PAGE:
*Update, 18 July, 4:30 p.m.: The Hempel twins, Addi and Cassi, died on 4 July. They were 15 years old. “They passed away within minutes of each other and we are filled with so much sorrow,” their mother, Chris Hempel, wrote in an email to ScienceInsider.
She wrote that her daughters had been admitted to Renown Regional Medical Center in Reno, Nevada, on 29 and 30 June, after they developed labored breathing and high temperatures. The cause, it emerged, was an aggressive virus that had invaded their lungs. Although Niemann-Pick type C (NPC) was not on their death reports, “Certainly their underlying NPC disease was a contributing factor,” Hempel wrote. “[T]heir pulmonary systems were already weakened by the NPC.”
Hempel and her husband, Hugh, pioneered the experimental use of a sugar molecule, 2-hydroxypropyl-β-cyclodextrin, as a treatment for the rare genetic disease, winning a compassionate use approval from the U.S. Food and Drug Administration for its use in the twins. In January 2018, they sued several companies involved in developing a commercial treatment; their allegations include breach of contract, theft of trade secrets, and unjust enrichment. The Hempels’ lawyer on 11 July filed a request for a delay in the proceedings in U.S. District Court in Maryland in order to allow the Hempels time to grieve. But Chris Hempel wrote that they plan to press on “vigorously” with that lawsuit.
Here is our previous story from 9 November 2018:
A treatment for Niemann-Pick type C (NPC), an extremely rare and ultimately fatal neurodegenerative disease, performed no differently than placebo in a pivotal trial in 56 children and youths, its corporate sponsor announced on Tuesday. Perplexingly, though, the disease did not progress in either the treatment or placebo groups during the 1-year study, the company said. Normally, the condition, a result of impaired cholesterol metabolism, inexorably worsens, causing loss of balance, difficulty swallowing, seizures, and cognitive disabilities.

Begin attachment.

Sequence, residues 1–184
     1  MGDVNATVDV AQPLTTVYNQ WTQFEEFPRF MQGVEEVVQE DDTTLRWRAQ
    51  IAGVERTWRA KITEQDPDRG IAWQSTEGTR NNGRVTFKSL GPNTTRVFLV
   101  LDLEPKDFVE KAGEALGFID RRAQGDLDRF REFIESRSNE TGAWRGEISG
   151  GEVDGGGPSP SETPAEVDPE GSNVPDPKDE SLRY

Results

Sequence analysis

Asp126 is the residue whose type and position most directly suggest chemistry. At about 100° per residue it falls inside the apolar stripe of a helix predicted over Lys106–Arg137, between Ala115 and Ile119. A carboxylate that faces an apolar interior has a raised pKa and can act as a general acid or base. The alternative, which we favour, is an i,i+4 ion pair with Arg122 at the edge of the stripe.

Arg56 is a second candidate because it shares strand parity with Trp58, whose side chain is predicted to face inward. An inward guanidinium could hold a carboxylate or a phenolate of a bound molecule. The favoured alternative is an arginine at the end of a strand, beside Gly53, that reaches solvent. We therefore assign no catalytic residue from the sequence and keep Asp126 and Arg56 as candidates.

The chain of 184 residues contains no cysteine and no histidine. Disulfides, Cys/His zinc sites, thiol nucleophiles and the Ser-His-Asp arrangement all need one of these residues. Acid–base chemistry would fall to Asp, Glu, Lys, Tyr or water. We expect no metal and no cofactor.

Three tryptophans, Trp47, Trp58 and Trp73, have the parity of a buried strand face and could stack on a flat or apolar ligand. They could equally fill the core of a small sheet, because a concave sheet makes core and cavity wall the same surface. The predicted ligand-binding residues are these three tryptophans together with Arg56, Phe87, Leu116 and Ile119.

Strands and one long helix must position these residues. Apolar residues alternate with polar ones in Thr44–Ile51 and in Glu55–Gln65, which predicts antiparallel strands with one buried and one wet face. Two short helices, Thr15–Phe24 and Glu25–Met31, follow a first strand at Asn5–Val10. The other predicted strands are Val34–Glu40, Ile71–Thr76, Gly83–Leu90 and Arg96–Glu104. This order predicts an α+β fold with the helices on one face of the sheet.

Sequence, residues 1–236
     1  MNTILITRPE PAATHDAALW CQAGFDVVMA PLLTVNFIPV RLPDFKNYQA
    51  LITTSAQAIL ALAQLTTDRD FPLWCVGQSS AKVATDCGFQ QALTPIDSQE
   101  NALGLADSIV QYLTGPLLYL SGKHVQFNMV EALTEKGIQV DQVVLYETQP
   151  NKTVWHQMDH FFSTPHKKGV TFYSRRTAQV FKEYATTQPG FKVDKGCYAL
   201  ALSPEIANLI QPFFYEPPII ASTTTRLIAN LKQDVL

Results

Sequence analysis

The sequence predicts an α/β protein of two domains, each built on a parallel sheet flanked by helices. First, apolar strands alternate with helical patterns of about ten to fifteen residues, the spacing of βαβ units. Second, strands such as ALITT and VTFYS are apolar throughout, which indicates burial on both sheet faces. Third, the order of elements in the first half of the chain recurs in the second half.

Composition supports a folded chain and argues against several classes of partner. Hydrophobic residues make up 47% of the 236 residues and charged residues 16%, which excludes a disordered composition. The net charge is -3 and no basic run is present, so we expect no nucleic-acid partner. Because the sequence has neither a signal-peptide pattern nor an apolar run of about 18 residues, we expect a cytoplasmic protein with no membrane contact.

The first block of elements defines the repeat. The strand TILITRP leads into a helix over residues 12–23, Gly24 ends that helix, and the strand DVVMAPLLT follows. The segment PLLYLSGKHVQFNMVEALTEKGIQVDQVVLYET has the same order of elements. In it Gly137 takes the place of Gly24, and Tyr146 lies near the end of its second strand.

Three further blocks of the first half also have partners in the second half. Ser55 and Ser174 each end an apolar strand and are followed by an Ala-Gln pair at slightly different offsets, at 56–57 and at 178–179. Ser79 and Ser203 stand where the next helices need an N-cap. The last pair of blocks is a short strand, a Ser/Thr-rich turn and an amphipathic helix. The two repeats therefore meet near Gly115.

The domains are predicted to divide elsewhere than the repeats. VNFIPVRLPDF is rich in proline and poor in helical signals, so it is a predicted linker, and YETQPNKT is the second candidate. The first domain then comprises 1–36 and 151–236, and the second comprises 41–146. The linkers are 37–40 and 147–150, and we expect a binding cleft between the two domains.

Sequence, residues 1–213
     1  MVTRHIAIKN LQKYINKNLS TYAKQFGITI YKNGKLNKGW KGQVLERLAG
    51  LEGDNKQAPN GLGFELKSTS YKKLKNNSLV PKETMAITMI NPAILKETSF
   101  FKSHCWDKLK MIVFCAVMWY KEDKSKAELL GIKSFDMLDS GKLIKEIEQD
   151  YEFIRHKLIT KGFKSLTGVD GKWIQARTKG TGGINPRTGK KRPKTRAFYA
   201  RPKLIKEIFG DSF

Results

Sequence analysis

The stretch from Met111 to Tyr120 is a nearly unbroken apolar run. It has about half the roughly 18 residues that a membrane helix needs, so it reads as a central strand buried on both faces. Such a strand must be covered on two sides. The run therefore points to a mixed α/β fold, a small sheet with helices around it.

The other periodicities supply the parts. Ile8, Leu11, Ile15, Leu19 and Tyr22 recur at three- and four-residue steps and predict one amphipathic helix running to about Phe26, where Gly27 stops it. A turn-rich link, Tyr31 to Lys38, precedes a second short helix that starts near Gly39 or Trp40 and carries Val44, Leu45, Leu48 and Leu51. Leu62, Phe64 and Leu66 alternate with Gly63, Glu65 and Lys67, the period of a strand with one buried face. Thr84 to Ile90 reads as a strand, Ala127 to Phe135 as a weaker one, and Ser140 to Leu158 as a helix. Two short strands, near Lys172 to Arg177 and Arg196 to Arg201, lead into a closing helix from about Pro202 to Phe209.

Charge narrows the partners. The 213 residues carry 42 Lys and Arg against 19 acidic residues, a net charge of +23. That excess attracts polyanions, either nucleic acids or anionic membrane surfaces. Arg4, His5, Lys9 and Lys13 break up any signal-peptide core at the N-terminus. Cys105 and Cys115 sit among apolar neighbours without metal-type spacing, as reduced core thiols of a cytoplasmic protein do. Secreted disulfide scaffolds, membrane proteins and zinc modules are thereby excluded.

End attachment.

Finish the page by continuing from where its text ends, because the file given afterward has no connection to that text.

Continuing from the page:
The drug, VTS-270, a doughnut-shaped sugar molecule called a cyclodextrin, “did not show a statistically significant separation from placebo,” Steven Romano, Mallinckrodt Pharmaceuticals’s executive vice present and chief scientific officer told investors on a conference call on Tuesday. “But importantly, neither did [patients in the active or placebo arms of the trial] show disease progression as would have been anticipated in the neurodegenerative condition over 52 weeks of observation.” The drug was given by spinal injection into the cerebrospinal fluid, which circulates to the brain.
The news—and the way Mallinckrodt, which has its U.S. headquarters in St. Louis, Missouri, delivered it—came as a shock to families in the NPC community, who learned of it when investors began to tweet about it. (The company did email a letter to NPC disease groups on Tuesday. Mallinckrodt, whose stock is publicly traded, added in a statement emailed to Science that securities laws prevented the company from notifying patients sooner.)
Will Evans, a family practitioner in Leeds, U.K., is chair of the charity Niemann-Pick UK. His 11-year-old son, Sam, was in both an earlier trial to determine a safe dose of the drug and in the most recent trial. “Many families, ours included, have invested several precious years in this trial—taking our children fortnightly to trial sites to undergo invasive procedures—and across the community, so much hope has been hung on the outcomes of this trial,” Evans says. “For these families to receive this news via the reporting of a financial call on Twitter is incredibly disappointing and hurtful. It has caused enormous upset for many families.”